Colonial Discourse and the Suffering of Indian American Children Book Cover.webp

In this book, we analyze the psycho-social consequences faced by Indian American children after exposure to the school textbook discourse on Hinduism and ancient India. We demonstrate that there is an intimate connection—an almost exact correspondence—between James Mill’s colonial-racist discourse (Mill was the head of the British East India Company) and the current school textbook discourse. This racist discourse, camouflaged under the cover of political correctness, produces the same psychological impacts on Indian American children that racism typically causes: shame, inferiority, embarrassment, identity confusion, assimilation, and a phenomenon akin to racelessness, where children dissociate from the traditions and culture of their ancestors.

This book is the result of four years of rigorous research and academic peer-review, reflecting our ongoing commitment at Hindupedia to challenge the representation of Hindu Dharma within academia.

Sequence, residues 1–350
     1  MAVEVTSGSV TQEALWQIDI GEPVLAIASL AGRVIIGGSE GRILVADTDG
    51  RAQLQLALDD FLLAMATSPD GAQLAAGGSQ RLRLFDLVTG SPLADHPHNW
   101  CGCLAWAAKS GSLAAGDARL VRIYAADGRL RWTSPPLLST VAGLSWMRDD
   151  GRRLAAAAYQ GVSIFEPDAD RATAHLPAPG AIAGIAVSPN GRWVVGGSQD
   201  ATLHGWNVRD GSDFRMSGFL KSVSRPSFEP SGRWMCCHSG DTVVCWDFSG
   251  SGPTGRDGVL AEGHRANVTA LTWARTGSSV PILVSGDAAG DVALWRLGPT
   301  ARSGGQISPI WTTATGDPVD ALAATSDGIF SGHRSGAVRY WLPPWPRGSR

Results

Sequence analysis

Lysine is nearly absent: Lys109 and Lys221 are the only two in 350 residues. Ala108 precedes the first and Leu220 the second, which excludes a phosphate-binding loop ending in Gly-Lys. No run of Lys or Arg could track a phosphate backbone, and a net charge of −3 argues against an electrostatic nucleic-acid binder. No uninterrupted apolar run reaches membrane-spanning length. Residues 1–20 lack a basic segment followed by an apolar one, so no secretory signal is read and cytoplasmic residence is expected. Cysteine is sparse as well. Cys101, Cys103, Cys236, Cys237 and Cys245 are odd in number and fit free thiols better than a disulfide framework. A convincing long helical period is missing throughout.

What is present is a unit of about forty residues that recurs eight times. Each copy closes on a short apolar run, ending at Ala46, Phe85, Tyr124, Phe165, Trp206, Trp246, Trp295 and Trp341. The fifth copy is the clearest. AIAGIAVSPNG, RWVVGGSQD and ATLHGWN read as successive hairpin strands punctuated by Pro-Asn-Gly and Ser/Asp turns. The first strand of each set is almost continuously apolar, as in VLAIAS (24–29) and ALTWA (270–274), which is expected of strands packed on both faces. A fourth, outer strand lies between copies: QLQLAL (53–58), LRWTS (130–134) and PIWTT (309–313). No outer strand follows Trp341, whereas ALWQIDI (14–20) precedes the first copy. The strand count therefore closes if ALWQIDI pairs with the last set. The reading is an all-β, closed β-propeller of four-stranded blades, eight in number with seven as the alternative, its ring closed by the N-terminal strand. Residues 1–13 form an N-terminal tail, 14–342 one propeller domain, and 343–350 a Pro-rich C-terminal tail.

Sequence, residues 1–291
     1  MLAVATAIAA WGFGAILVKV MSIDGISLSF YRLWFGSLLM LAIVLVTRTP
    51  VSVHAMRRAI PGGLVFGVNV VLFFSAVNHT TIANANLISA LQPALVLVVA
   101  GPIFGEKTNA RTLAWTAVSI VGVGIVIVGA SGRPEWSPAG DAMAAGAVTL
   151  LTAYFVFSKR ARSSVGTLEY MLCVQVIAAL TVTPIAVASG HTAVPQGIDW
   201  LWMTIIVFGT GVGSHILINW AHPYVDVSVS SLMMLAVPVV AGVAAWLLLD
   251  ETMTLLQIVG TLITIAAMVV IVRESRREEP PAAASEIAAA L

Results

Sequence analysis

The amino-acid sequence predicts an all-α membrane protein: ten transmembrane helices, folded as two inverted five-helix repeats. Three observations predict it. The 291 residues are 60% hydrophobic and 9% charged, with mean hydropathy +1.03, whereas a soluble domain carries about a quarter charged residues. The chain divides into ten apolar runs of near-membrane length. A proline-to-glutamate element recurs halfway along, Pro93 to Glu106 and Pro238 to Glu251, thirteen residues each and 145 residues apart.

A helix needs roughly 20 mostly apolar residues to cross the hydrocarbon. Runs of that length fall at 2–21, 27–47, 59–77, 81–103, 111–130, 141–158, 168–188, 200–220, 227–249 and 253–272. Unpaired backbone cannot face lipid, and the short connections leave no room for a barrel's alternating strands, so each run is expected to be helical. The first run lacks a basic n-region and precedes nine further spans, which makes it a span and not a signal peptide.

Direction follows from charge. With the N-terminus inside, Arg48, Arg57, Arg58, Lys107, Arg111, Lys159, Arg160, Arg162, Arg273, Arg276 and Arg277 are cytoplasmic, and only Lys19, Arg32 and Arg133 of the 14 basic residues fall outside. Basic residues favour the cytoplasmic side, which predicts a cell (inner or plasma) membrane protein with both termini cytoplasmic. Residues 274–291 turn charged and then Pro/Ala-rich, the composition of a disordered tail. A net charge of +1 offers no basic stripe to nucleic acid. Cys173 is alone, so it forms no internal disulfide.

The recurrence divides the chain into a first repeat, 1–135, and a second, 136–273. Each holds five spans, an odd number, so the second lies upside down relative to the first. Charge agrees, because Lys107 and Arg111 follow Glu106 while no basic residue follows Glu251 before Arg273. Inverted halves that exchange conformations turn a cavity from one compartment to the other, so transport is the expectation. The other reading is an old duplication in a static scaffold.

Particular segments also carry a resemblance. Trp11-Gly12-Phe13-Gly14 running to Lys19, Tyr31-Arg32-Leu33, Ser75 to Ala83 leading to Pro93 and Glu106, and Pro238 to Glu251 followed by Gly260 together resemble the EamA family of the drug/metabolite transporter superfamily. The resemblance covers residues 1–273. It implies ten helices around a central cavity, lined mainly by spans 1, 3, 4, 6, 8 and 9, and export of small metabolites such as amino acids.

Lakshmi Puja

From Hindupedia, the Hindu Encyclopedia

Lakshmi Puja occurs on the fourth day of Deepavali and involves the worship of Maha Lakshmi. Maha Lakshmi is the goddess of wealth and prosperity, bestowing these abundantly upon her devotees. On Deepavali she is prayed to for prosperity and her blessings. Prayers to her are for all four aspects of life, Dharma, Artha, Kama, and Moksha. In other words, they ask for both spiritual and material wealth.

The day typically begins with a bang of fire crackers and ends with the performance of Lakshmi puja in the evenings. To indicate Her long-awaited arrival, small footprints are drawn with rice flour and vermillion powder all over the house. Entrances are decorated with lovely, colorful motifs of rangoli to welcome the Goddess or Wealth and prosperity. Lamps are kept burning all through the nights and women make it a point to purchase some gold or silver, or at least one or two new utensils, as it is considered auspicious and a symbol of prosperity, a manifestation of the goddess Herself. In South India, cows are offered special veneration and are adorned and worshiped as the incarnation of Goddess Lakshmi.

She is typically portrayed wearing red. Red represents the color of action and she is the Deity of prosperity. In the Bhagavad-Gita, Lord Krishna discusses Karma Yoga which is fundamentally about doing your karma (duty) in mood of service to the Lord.

Contributors to this article

Explore Other Articles